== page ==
Thyroid Cancer

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Thyroid Cancer

What is Thyroid Cancer?

Thyroid cancer forms when normal thyroid cells undergo genetic changes that cause them to grow in an abnormal way. The most common types of thyroid cancer (papillary and follicular) are typically less aggressive than other cancers.

What Causes Thyroid Cancer
Watch Video: Dr. James Wu describes causes of thyroid cancer.

There are multiple types of thyroid cancer:

  • papillary thyroid cancer
  • follicular thyroid cancer
  • medullary thyroid cancer
  • poorly differentiated thyroid cancer
  • anaplastic thyroid cancer
Video: Getting a Second Opinion for Your Thyroid Cancer
Watch Video: Dr. Michael Yeh speaks about getting a second opinion for your thyroid cancer.

Types of Thyroid Cancer

Papillary Thyroid Cancer

Papillary thyroid cancer (PTC) is the most common type of thyroid cancer, making up approximately 80% of all thyroid cancers.  Papillary cancer tends to grow slowly and may spread to the lymph nodes in the neck, but still usually has an excellent prognosis. Most patients with papillary thyroid cancer can be successfully treated with a thorough initial operation, and some patients may require additional treatment with radioactive iodine. Most people are cured (over 95%) and have a normal life expectancy.

Follicular Thyroid Cancer

Follicular thyroid cancer (FTC) is the second most common type of thyroid cancer, making up 10-15% of all thyroid cancers. It may spread to the lymph nodes in the neck, and is also more likely than papillary thyroid cancer to spread through the blood stream to distant areas (such as the lungs). The prognosis for follicular thyroid cancer remains very good – over 90% of patients are cured.

Hurthle Cell Thyroid Cancer

Hurthle cell cancer is a rare type of follicular thyroid cancer that has many pink-staining cells (so-called oncocytes or Hurthle cells). The pathologist will look for signs of cancer cells invading into surrounding blood vessels or breaking outside of the thyroid, which may predict that the cancer will behave more aggressively.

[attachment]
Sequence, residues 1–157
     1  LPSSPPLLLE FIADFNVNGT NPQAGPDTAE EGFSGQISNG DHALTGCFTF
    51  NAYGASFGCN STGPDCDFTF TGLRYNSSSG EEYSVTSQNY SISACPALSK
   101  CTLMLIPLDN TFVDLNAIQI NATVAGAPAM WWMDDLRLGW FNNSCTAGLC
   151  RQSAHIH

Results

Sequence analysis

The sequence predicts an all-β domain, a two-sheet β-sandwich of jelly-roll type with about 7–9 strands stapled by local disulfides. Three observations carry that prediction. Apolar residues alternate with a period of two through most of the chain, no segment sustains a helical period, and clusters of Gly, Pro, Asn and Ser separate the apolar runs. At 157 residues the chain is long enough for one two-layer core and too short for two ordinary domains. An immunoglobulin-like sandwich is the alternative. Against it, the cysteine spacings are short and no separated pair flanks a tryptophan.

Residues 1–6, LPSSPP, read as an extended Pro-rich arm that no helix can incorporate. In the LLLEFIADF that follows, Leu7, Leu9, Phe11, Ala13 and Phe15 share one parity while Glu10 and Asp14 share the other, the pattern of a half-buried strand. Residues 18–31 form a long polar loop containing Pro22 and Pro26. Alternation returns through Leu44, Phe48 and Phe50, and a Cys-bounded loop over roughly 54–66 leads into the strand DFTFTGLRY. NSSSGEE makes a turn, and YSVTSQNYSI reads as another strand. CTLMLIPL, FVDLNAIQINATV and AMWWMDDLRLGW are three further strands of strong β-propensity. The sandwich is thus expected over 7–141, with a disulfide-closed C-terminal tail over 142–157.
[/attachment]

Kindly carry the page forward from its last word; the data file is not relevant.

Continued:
Poorly-Differentiated and Anaplastic Thyroid Cancers

Poorly differentiated and anaplastic (also known as undifferentiated) thyroid cancer means that the cancer cells do not look or behave like normal thyroid cells. Patients usually present with a rapidly growing neck mass. These are very rare types of thyroid cancer, and occur in less than 2% of cases. Unfortunately, they tend to be very aggressive and not responsive to treatment. Management of these cancers involves a multi-disciplinary team with surgeons, endocrinologists, and medical oncologists. At UCLA, these patients may be treated with recently approved targeted therapies, immunotherapy, or clinical trials.

Medullary Thyroid Cancer

Medullary thyroid cancer (MTC) makes up 5-10% of all thyroid cancer cases. It is often associated with hereditary conditions (MEN-2), and all patients should undergo genetic testing for a RET gene mutation. If a mutation is found, then the patient’s family members may be at risk for medullary thyroid cancer. In addition, new targeted therapies are available for RET-mutated MTC.

Thyroid Cancer Treatment

Video: Side Effects of Radioactive Iodine
Watch Video: Dr. Masha Livhits discusses the side effects of radioactive iodine.

Thyroid cancer treatment is very successful. About 95% of thyroid cancer patients live more than five years, and most thyroid cancer patients experience a normal life span and full quality of life after appropriate treatment.  Even patients with advanced thyroid cancer may often do well with modern targeted therapies. The key components of thyroid cancer treatment for most types of thyroid cancer are surgery, thyroid stimulating hormone suppression, and ongoing surveillance of tumor markers with dynamic risk stratification. Patients with a high risk of disease recurrence may also be offered radiation therapy with radioactive iodine. Newer targeted therapies and immunotherapy may be used for patients with advanced and metastatic disease outside of the neck.

Key Components of Differentiated* Thyroid Cancer Management

  • Thyroid Surgery
  • Thyroid stimulating hormone suppression
  • Radioactive iodine ablation (in some patients)
  • Dynamic Risk Stratification informed by ongoing surveillance with tumor markers and imaging

* Differentiated thyroid cancer includes Papillary, Follicular, and Hurthle cell thyroid cancer. Treatment for poorly differentiated, anaplastic, and medullary thyroid cancers are distinct and discussed separately.

Special Populations with Thyroid Cancer

Dr Harvey Chiu at UCLA
Dr Harvey Chiu at UCLA

As a referral center for difficult cases, we also have experience in treating patients with special circumstances.

Genetic Syndromes

We are also part of specialized teams that care for patients and their families with:

  • Multiple Endocrine Neoplasia (MEN-1, MEN-2A, MEN-2B, MEN4)
  • Familial pheochromocytoma
  • Von-Hippel-Lindau


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